Thursday, November 25, 2004

Review of Leo Strauss' Persecution and the Art of Writing

Sometimes one has a learning experience that really changes one's perspective. Reading Leo Strauss' Persecution and the Art of Writing is such an experience. I remember once reading a volume of David Halivni's Mekorot u' Mesorot and coming away transformed. The Talmud took on a whole new meaning. Each line of text was a different story than you originally suppose. It is right there in front of you waiting to be uncovered. Reading early biblical criticism, while not as easily convincing, is similar.

Persecution's goal is to teach us how to read in between the lines of certain texts. Those of us who study contemporary philosophy occasionally get a bit condescending when it comes to the medievals. (Unless he is reading too much in to them, which I doubt) Strauss reminds us that the medievals might have been backward, but they were not stupid. The medieval philosophers had to do their best work under the most adverse of conditions. Freedoms, such as we have now did not exist for most of recorded human history. To write and live one had to be careful. Censorship was ubiquitous. The geniuses who knew that they were writing for posterity needed to get certain messages out. Many of the subjects they needed to publicize might sound trivial now. But keep in mind that in the 16th century the soul's immortality was a VERY important topic of discussion for some of the top minds of the age.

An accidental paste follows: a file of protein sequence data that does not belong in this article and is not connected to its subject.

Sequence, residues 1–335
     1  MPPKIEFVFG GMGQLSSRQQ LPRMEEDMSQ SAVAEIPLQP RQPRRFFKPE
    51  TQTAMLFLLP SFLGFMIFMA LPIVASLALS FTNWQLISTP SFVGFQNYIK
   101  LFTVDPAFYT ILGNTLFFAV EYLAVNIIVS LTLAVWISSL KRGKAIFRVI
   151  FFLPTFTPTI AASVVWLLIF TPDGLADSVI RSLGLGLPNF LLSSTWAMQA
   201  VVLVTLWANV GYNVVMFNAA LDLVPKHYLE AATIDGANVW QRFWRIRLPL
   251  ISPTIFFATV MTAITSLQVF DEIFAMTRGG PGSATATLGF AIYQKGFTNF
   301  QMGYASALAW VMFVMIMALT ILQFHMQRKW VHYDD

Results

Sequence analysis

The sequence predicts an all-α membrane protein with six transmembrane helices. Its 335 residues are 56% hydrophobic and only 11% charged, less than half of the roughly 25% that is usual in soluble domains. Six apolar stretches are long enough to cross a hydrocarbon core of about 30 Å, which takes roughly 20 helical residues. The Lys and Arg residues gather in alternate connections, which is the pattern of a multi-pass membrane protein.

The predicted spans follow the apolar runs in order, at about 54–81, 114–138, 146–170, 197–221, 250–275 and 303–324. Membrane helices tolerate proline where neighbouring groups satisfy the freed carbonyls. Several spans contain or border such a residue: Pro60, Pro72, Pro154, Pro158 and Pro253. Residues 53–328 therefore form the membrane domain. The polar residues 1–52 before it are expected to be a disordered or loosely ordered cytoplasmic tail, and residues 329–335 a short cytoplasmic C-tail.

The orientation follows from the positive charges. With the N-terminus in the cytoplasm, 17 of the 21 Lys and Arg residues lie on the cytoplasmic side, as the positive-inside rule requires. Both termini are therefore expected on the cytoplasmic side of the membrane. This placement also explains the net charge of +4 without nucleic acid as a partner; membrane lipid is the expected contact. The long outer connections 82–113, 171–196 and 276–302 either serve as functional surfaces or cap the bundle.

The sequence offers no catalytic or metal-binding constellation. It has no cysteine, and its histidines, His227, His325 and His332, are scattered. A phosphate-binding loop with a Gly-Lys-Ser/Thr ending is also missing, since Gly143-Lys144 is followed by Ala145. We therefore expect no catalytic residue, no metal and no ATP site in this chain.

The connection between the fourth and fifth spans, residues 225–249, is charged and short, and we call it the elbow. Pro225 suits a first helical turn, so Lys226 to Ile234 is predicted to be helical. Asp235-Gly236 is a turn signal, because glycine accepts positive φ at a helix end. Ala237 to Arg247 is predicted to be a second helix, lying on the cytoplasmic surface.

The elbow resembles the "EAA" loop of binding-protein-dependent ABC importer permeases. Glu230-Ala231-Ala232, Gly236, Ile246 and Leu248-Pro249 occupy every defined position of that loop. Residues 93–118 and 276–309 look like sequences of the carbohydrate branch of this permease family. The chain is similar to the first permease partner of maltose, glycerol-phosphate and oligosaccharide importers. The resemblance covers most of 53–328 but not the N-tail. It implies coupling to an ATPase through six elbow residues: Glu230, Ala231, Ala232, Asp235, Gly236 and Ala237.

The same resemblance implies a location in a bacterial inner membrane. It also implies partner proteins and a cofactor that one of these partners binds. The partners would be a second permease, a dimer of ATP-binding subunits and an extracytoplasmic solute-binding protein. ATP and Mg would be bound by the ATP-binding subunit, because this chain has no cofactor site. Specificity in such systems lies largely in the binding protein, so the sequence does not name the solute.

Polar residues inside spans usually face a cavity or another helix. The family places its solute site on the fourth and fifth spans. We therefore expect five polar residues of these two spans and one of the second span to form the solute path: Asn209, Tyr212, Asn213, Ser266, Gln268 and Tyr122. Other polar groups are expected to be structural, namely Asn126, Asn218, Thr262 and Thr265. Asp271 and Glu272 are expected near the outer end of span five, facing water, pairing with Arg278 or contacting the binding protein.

Spinoza, Yehuda Halevi, and Maimonides all had things that they were trying desperately to say, but could not. Strauss shows us the secret to deciphering these authors. Strauss really reveals the genius of the authors he speaks about and renews my respect for their brilliance, and Strauss' too. Hume could not publish his Dialogues Concerning Natural Religion in his lifetime as what he said was too controversial. It was controversial despite the fact that Hume never really tips his hand and tells us what he is really thinking. With Hume we see the first light of free thought. Before that we have secret messages embedded in texts which we have to uncover. The methodology varies from author to author, and Strauss doesn't give away too many secrets, but he definitely give us a new way to look at old philosophers.

This book was published some 50 years ago, but it is still as relevant today as it was then. Strauss, is by the way, taken to be one of the godfathers of the neocon movement. I suppose if one were to read between some lines here, one can see in the essay on Yehuda Halevi, why.

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